Temperate Forests

Temperate Forests - Sufficient sunlight penetrates the...

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Temperate Forests The temperate forest biome occurs south of the taiga in eastern North America, eastern Asia, and much of Europe. Rainfall is abundant (30-80 inches/year; 75-150 cm) and there is a well-defined growing season of between 140 and 300 days. The eastern United States and Canada are covered (or rather were once covered) by this biome's natural vegetation, the eastern deciduous forest. Dominant plants include beech, maple, oak; and other deciduous hardwood trees. Trees of a deciduous forest have broad leaves, which they lose in the fall and grow again in the spring. A scenic view of this type of biome is shown in Figure 3.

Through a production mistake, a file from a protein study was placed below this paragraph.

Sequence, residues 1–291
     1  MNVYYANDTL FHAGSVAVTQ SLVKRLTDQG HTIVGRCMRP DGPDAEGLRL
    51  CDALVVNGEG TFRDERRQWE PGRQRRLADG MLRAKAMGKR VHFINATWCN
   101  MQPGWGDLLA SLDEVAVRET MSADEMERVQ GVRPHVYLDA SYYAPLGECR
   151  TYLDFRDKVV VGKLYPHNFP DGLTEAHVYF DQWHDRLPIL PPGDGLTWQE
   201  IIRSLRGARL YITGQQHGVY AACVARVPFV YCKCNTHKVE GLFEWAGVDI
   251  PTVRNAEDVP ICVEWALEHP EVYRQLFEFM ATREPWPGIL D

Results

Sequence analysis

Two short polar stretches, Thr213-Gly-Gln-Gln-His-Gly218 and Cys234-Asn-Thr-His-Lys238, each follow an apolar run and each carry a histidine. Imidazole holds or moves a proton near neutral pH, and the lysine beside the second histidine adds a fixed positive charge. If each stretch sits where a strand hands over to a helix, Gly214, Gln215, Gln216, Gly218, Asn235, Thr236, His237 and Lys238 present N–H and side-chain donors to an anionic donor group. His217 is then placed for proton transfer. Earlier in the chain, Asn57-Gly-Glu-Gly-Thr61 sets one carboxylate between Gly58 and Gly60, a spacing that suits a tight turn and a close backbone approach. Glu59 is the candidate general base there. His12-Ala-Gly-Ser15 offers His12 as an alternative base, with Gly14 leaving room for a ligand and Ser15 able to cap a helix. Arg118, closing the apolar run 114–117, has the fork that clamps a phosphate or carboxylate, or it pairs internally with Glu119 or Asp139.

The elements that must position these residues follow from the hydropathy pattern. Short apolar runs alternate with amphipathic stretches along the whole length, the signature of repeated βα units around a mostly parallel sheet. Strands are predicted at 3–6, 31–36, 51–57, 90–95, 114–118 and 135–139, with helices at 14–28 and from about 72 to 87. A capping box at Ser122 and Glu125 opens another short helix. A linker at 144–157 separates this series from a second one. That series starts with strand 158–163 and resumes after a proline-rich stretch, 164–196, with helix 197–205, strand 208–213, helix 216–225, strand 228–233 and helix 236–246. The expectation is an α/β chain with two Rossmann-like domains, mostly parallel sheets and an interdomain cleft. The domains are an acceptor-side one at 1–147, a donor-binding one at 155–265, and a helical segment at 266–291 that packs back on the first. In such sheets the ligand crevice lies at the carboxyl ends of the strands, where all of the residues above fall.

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Unformatted text preview: Sufficient sunlight penetrates the canopy to support a well-developed understory composed of shrubs, a layer of herbaceous plants, and then often a ground cover of mosses and ferns. This stratification beneath the canopy provides a numerous habitats for a variety of insects and birds. The deciduous forest also contains many members of the rodent family, which serve as a food source for bobcats, wolves, and foxes. This area also is a home for deer and black bears. Winters are not as cold as in the taiga, so many amphibian and reptiles are able to survive....
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